One of my favourite scenes from Monty Python Life of Brian is ‘The Shoe is a Sign’ scene ( Here are the cultic followers chasing after Brian whom they have deified. In his rush he loses his shoe and the followers come across his shoe and interpret it as a sign, then soon they argue about what the sign is and even about it’s status as a shoe or sandal. Then the followers seek to copy the sign and take off one shoe as a sign of their following and then rush off to find Brian. Later, in the ‘not the messiah’ scene ( the cultic following demonstrate their blind echoes in worship of Brian. The seduction of the cult is to diminish thinking and deify objects.


So whilst the safety community continues to be attracted by the seduction to simplify it holds up the sandal of SWMS and argues about its format. What a grand delusion that the object of worship masks the reality of what it desires. Does that sound like an act of simplicity or an act of faith to you?

Dr Rob Long

Dr Rob Long

Expert in Social Psychology, Principal & Trainer at Human Dymensions
Dr Rob Long
PhD., MEd., MOH., BEd., BTh., Dip T., Dip Min., Cert IV TAA, MRMIA Rob is the founder of Human Dymensions and has extensive experience, qualifications and expertise across a range of sectors including government, education, corporate, industry and community sectors over 30 years. Rob has worked at all levels of the education and training sector including serving on various post graduate executive, post graduate supervision, post graduate course design and implementation programs.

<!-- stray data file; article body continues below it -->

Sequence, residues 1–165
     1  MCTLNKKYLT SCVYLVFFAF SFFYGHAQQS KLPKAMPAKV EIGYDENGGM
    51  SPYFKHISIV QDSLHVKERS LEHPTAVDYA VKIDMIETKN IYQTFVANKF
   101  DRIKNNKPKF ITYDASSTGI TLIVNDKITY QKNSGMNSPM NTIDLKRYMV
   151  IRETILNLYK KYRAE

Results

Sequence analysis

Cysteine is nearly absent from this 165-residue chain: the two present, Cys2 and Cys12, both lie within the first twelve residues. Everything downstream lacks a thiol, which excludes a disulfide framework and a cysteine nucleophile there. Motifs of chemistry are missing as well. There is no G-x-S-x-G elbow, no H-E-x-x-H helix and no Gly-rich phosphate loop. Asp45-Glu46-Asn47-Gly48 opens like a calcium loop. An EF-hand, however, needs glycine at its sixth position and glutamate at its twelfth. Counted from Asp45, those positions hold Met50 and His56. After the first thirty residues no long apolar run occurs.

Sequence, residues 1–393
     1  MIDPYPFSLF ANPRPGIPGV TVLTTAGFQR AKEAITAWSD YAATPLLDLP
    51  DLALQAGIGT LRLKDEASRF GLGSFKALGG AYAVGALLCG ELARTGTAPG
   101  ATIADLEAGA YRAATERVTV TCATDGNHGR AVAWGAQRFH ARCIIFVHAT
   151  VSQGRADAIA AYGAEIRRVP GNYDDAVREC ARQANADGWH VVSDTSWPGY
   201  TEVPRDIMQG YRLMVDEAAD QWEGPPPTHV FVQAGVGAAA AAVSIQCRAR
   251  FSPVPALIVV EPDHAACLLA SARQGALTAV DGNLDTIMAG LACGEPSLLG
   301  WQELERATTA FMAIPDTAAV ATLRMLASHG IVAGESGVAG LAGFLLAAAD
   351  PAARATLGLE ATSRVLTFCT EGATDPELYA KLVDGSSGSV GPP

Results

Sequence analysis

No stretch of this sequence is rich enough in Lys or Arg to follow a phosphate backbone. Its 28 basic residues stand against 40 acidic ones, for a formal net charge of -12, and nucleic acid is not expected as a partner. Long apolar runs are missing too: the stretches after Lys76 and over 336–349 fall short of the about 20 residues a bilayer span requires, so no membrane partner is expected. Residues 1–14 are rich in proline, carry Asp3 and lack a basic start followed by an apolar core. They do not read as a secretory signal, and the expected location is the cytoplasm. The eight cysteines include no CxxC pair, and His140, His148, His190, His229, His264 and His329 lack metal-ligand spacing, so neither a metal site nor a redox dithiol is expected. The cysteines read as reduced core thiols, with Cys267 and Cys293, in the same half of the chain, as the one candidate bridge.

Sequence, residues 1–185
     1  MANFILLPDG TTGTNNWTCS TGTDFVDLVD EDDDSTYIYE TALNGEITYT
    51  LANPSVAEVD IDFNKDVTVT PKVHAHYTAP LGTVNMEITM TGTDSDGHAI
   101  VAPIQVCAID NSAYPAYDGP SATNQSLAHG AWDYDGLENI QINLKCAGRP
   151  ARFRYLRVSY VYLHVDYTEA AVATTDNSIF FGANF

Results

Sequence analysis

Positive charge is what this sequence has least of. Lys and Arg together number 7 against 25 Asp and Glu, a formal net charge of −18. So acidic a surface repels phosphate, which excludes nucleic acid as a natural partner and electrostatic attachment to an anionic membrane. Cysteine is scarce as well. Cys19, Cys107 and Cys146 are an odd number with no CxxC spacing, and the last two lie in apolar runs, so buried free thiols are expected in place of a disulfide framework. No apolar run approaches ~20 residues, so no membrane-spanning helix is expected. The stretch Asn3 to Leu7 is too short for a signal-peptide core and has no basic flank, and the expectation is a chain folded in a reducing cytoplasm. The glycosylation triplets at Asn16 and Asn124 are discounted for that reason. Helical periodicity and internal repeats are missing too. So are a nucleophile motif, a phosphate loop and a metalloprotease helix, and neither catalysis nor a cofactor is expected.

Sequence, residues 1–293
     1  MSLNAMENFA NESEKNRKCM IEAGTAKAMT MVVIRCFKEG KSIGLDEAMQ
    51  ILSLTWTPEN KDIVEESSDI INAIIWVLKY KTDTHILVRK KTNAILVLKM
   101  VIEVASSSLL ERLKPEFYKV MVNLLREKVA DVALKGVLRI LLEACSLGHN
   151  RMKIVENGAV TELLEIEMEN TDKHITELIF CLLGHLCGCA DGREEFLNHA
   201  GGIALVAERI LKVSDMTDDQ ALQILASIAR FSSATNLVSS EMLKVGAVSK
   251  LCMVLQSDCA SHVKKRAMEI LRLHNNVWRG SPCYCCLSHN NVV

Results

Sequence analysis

• James@safetybusiness

    Well done. I love the fact that an analogy could be drawn with one of my all time favorite films!

    On a serious note though, it has for many years escaped my capacity to understand why “safety people/ professionals” across this country still fail to grasp the concept of what is a SWMS, or how it is meant to be used/ applied. The fact that some companies end up with SWMS on how to change the castor wheels on an office chair is a fair indictment of the confusion that reigns.

    I have always been a proponent of the fact that SWMS are a communication tool and not a risk assessment! Lets face it risk ratings are not even required in a SWMS. So as you state, if they are not being used as a communication tool and discussion point then the user has completely missed the purpose and intent.

  • Rod

    I think of all the valid points you make here Rob, there is one stand out. “if it is not a thinking and conversation tool” – However I would amend “it will unravel in court” to “it is not doing what it should be doing”. I think the fixation with what might happen in court is one of the drivers behind the complex systems we have in place today. If the focus was on the workers learning and understanding of “how to do the job right” and providing them with tool to facilitate this, the rest will take care of itself.

  • Gabrielle Carlton

    Great read Rob. I think if organisations want simple then the best way to tackle some of their problems is stop getting so caught up in their complex systems. This leads them to believing (hubris bias) that they are safe the more complex. Or is that attribution bias or even availability bias….too many biases that influence their decisions!! It is complex but a ‘simple’ way to tackle these issues is to get out from behind their paperwork and go and have a conversation with their people. Get to know their people and start understanding how their people discern risk.